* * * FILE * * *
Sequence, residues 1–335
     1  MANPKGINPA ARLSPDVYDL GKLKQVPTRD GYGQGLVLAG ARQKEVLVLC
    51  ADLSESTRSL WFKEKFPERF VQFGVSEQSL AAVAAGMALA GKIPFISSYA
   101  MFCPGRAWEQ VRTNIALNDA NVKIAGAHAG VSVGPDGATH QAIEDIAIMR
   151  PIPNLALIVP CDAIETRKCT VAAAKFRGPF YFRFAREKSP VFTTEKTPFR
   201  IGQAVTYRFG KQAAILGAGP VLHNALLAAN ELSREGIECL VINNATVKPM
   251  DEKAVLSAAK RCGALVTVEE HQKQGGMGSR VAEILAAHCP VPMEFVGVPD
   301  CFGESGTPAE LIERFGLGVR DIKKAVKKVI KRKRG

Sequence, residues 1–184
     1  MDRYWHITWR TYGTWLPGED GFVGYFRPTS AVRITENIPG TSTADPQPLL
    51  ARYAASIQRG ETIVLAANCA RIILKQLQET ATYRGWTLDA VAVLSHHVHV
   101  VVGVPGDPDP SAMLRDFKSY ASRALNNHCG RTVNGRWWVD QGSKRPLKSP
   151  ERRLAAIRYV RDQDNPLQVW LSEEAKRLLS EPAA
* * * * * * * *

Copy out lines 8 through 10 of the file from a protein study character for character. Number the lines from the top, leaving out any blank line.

   301  CFGESGTPAE LIERFGLGVR DIKKAVKKVI KRKRG

Sequence, residues 1–184
     1  MDRYWHITWR TYGTWLPGED GFVGYFRPTS AVRITENIPG TSTADPQPLL